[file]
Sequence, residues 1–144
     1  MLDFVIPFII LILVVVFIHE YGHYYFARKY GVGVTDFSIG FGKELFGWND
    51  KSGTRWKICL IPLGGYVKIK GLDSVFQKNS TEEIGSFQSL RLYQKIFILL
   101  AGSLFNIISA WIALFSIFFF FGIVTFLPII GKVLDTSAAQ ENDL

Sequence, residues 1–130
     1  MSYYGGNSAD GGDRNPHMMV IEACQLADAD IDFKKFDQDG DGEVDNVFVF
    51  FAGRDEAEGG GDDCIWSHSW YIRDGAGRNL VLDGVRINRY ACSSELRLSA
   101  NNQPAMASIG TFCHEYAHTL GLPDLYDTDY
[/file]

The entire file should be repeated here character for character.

Sequence, residues 1–144
     1  MLDFVIPFII LILVVVFIHE YGHYYFARKY GVGVTDFSIG FGKELFGWND
    51  KSGTRWKICL IPLGGYVKIK GLDSVFQKNS TEEIGSFQSL RLYQKIFILL
   101  AGSLFNIISA WIALFSIFFF FGIVTFLPII GKVLDTSAAQ ENDL

Sequence, residues 1–130
     1  MSYYGGNSAD GGDRNPHMMV IEACQLADAD IDFKKFDQDG DGEVDNVFVF
    51  FAGRDEAEGG GDDCIWSHSW YIRDGAGRNL VLDGVRINRY ACSSELRLSA
   101  NNQPAMASIG TFCHEYAHTL GLPDLYDTDY